Sunday, December 20, 2009

Gabriel's Horn

I didn't write anything about paradoxes for a long time, so here is a little something. Lets look on the volume we get by rotating the graph of the function y=1/x, for x>1. The object we get is called Gabriel's Horn. It is easy enough to show that its volume is finite and in is equal to pi. If we cut the horn in any finite point a we will get that the volume is exactly:If we now take the limit when a goes to infinity we will get that the volume is indeed pi. However the surface area is infinite. For any finite a we will get that it is exactly:

But the limit of this expression is infinity. Now that we know this , we can go on to the description of the paradox. Suppose that you want to paint the Horn with finite amount of paint. Obviously, it is not possible because the surface area is infinite. But you can fill it with a finite amount of paint. Lets now suppose that Horn is made from a transparent plastic. In this case, filling it with paint is the same thing as painting it.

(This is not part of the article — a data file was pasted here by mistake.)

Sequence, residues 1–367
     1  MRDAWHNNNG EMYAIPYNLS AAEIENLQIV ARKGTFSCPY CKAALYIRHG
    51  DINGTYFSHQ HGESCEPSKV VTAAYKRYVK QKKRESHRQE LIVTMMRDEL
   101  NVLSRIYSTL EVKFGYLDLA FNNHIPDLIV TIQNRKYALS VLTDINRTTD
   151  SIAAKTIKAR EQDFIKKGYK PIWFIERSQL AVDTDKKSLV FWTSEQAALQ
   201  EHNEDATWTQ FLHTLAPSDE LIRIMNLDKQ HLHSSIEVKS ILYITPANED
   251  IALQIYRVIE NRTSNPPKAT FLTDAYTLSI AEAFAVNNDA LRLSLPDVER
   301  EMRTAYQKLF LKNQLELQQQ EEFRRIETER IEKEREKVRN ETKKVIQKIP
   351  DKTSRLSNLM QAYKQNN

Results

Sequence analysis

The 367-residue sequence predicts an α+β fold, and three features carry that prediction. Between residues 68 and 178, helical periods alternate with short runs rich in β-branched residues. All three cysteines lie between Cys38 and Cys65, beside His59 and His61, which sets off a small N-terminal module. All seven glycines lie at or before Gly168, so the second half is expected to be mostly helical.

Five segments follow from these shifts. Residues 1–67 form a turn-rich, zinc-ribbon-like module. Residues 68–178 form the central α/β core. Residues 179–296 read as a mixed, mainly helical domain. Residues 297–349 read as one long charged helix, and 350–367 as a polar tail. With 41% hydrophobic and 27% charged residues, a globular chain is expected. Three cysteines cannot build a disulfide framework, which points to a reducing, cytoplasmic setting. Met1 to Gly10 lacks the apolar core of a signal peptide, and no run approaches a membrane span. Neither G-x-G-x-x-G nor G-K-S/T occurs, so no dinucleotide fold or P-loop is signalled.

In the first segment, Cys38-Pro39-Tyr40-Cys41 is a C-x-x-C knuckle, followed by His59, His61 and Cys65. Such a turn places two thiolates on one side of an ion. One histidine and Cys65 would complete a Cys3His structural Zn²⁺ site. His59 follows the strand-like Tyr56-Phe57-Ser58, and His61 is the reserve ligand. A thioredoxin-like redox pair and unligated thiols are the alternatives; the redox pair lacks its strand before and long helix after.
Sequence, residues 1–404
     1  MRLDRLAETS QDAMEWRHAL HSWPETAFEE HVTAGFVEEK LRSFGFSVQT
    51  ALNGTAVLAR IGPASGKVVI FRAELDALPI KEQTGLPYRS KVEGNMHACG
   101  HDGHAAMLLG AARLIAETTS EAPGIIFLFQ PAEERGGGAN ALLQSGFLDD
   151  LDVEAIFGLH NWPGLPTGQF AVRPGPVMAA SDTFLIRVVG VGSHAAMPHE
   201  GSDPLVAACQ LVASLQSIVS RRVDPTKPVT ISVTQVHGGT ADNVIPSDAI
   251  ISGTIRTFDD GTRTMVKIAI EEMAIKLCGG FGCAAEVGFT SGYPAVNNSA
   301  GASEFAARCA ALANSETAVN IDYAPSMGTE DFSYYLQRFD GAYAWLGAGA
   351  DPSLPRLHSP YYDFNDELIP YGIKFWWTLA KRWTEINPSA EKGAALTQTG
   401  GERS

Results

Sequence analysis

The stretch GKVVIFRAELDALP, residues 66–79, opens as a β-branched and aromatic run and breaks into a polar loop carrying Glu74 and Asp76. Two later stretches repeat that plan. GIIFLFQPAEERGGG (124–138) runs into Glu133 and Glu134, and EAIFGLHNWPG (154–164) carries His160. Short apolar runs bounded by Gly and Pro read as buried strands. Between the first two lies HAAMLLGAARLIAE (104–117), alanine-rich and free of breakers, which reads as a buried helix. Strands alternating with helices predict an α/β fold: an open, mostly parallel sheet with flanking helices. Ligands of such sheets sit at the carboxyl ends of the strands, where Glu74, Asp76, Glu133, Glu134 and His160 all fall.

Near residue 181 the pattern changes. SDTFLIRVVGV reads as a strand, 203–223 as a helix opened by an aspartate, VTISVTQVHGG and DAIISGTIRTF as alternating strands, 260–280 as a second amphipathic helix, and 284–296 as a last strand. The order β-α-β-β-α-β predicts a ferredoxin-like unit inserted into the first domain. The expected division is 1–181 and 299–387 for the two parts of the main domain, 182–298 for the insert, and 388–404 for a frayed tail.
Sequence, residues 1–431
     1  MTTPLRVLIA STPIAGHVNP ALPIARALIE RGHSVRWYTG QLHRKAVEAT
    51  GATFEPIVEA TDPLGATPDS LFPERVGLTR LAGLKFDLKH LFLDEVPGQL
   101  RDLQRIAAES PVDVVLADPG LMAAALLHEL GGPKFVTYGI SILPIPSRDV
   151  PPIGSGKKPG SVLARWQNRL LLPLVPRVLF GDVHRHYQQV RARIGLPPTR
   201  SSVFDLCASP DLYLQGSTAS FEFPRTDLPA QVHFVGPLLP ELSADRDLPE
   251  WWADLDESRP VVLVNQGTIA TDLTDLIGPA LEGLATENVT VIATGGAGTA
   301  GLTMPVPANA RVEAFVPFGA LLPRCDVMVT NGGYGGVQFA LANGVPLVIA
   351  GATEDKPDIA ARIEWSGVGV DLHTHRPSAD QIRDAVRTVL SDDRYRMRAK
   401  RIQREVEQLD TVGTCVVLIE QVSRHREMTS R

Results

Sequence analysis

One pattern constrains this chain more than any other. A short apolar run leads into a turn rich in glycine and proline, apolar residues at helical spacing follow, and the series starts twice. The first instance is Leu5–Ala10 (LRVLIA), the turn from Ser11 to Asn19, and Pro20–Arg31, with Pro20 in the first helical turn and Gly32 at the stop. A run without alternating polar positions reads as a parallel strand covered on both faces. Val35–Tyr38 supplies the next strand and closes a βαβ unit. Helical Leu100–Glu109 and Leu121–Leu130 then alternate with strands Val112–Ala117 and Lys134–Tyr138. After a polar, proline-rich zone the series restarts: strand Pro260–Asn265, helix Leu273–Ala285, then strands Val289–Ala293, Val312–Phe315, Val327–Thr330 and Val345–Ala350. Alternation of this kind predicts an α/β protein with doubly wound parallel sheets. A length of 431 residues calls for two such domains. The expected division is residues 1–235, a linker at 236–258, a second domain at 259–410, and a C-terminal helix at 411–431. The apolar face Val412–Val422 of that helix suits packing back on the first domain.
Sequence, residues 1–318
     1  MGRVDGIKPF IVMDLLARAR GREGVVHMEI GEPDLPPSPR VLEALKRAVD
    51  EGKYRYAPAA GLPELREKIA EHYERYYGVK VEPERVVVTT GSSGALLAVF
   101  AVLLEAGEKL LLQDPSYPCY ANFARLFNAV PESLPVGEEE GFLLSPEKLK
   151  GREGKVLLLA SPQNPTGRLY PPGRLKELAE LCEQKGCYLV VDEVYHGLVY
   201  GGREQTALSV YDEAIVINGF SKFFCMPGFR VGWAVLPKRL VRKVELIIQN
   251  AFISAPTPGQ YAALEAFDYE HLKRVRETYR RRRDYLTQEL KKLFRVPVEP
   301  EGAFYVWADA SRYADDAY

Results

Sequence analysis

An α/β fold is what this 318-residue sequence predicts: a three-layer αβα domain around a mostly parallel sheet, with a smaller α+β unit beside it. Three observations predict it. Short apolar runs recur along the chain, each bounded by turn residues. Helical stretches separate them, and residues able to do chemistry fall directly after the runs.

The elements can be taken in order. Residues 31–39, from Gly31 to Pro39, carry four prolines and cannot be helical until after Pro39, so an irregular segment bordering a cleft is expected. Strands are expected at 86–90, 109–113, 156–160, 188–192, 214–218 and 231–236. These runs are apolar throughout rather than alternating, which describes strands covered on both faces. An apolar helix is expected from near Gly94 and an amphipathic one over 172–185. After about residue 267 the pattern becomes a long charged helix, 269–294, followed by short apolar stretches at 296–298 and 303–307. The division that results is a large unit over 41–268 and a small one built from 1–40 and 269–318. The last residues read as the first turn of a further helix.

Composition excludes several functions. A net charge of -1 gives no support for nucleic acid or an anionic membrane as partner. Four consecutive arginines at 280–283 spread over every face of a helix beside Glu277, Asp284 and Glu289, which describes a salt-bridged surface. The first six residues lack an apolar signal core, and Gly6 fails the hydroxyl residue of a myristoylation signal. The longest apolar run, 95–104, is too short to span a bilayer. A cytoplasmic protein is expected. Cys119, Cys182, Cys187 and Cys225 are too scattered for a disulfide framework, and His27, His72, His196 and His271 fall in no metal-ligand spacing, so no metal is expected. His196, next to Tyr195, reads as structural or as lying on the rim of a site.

As a result we get that it is both impossible and possible to paint the Horn with finite amount of paint. So which one is true? The solution is in fact rather simple. Firstly lets look on the graph of y=1/2x. Obviously this is again Gabriel's horn, but in a scaled down version. Lets put it inside the original while it is still filled with paint. In this way we painted it from the outside. How did we do it? The answer to this is in the distribution of paint. The thickness of paint is given by g=1/x-1/2x=1/2x. And this is the whole trick. We can paint even an infinite surface, the only thing we need to worry about is allowing the thickness of paint to approach zero in a way similar to this example (we need the integral of the paint distribution to be finite).

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